Fretless conversion

Go fretless USA! Seriously, is there anything cooler than a fretless bass? I was an exclusively fretless player for years – first doing a fretless conversion on my old Peavy B-Quad 4, and later defretting my number one bass, my 1974 Ovation Magnum. Urban myth may say that Jaco yanked the frets out of his bass with his teeth and filled the slots with peanut butter, but the reality is that there’s a lot more precision work involved. Last week I did a fretless conversion on a Fender Aerodyne Jazz Bass. Check it out:

The Aerodyne has a rosewood fretboard, with no dots, which makes it a good candidate for a clean looking fretless board.


Using a specialized fret pulling tool, I very carefully removed the frets. To help facilitate fret removal, I tighten the truss rod to put a bit of back-bow in the neck, which seems to open the fret slots just a bit and allows the fret to slip out easier. Oftentimes the frets are glued in place, so I usually heat the fret with a soldering iron as I remove them, to melt the glue and help prevent wood chipping. Now, careful as I am, there is sometime no helping getting some chip out. It all depends on the type of wood (ebony usually chips like crazy), how dry the wood is, etc., but there’s no way to guess: the wood is going to do what it wants. There are times I will spend several hours just filling in chips after I’ve pulled the frets – it’s often just part of the gig. I got lucky with this one: not a single chip! Huzzah!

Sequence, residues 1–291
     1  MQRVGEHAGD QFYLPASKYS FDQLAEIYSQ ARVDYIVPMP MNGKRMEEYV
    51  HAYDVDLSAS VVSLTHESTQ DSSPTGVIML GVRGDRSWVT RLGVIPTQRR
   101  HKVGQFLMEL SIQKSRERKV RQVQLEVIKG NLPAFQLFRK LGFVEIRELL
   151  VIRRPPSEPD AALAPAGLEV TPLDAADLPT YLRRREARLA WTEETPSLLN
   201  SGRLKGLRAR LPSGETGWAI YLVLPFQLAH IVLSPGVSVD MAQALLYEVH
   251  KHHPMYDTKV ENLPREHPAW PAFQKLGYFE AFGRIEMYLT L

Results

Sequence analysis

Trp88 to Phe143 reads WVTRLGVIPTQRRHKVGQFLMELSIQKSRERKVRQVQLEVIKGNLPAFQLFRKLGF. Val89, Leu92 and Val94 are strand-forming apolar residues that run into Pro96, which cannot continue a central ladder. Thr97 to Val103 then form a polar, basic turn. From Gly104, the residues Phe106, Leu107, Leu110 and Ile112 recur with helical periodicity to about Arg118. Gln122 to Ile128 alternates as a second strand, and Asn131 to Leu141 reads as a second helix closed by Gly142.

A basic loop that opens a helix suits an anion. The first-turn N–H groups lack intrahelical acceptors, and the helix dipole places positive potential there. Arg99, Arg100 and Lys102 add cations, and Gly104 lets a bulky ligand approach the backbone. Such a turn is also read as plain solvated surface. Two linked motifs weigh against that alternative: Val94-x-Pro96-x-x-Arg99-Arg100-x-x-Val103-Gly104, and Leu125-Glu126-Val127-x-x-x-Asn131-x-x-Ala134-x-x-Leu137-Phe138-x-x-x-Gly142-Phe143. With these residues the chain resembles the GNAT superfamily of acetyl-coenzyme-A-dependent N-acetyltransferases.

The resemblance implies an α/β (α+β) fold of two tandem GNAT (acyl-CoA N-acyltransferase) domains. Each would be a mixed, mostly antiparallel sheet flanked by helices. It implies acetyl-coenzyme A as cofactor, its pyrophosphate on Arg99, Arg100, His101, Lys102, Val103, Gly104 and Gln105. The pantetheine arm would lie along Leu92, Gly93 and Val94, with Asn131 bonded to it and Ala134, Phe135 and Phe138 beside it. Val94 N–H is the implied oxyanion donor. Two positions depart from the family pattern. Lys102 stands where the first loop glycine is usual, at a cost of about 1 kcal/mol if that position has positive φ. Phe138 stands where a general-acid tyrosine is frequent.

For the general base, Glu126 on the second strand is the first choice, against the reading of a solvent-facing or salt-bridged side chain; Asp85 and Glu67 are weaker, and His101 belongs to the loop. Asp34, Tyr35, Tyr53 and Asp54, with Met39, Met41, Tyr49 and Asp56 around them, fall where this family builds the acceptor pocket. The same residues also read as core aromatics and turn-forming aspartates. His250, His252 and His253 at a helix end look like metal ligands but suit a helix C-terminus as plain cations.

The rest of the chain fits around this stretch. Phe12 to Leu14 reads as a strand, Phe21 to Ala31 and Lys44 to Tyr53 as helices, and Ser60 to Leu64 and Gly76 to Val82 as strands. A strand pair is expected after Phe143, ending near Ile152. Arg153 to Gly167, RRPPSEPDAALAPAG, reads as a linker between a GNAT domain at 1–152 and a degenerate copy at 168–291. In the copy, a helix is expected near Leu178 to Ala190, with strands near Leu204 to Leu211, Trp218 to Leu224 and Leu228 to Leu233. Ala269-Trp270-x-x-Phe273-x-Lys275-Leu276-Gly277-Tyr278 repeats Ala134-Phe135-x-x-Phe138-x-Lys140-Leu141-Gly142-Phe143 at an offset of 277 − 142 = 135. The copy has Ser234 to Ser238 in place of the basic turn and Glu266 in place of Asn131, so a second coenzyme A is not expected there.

Next I prepped the fret slots, by running a short file over the board to knock down any high spots, and then re-cut the fret slots and cleaned them out thoroughly. This step is critical to get a nice straight fret line that looks factory fresh. Once the slots were prepped, I checked the radius of the bottom of the fret slots. Some fretboards have a flat fret slot, others follow the radius of the board. This is important to know when I’m installing fret lines: if I don’t cut the fret lines to match, there will be gaps underneath them that may cause the line to collapse. This particular neck’s fret slots where radiused to match the board (18cm), so I painstakingly cut a matching curve into each of the maple fret lines I was making.IMG_3860IMG_3861 The fret slots on this bass weren’t cut all the way to the edges, and the edge of the fretboard was painted, so I cut each maple piece to the exactly length of each slot. I could have cut the fret slots through the edge, but it would have broken up the clean look of the fretboard edge, and I like to keep things classy.

I glued each of the maple pieces in, and allowed them to dry over night. The next day I came in and cut them flush with my ridiculously sharp chisels. This is the fun stuff.



Now, here’s where a lot of people who attempt this miss the boat: it’s not done! Just as having the frets perfectly level are imperative for a clean playing instrument, a fretless board also needs to be perfectly level. If it’s not dead flat, it will buzz and gutter out in spots, and won’t impart a consistent tone throughout the instrument’s range. So on the neck jig it goes!


The neck jig allows me to simulate string tension on the neck, and work the fingerboard under actual real world playing conditions. I level the board with a long straight beam and radius blocks, ensuring a dead straight neck and a perfect radius.

Normally when doing a fretless conversion, I sand the neck with increasing grits, so that when I’m done the board looks like glass even without finish. This one, however, is getting an epoxy coat on it, which will protect the wood and give the bass a zingy-er, brighter tone. I’ll document how I do the epoxy coat in the next blog post. Until then, feast your eyes on this beautiful fretless neck!





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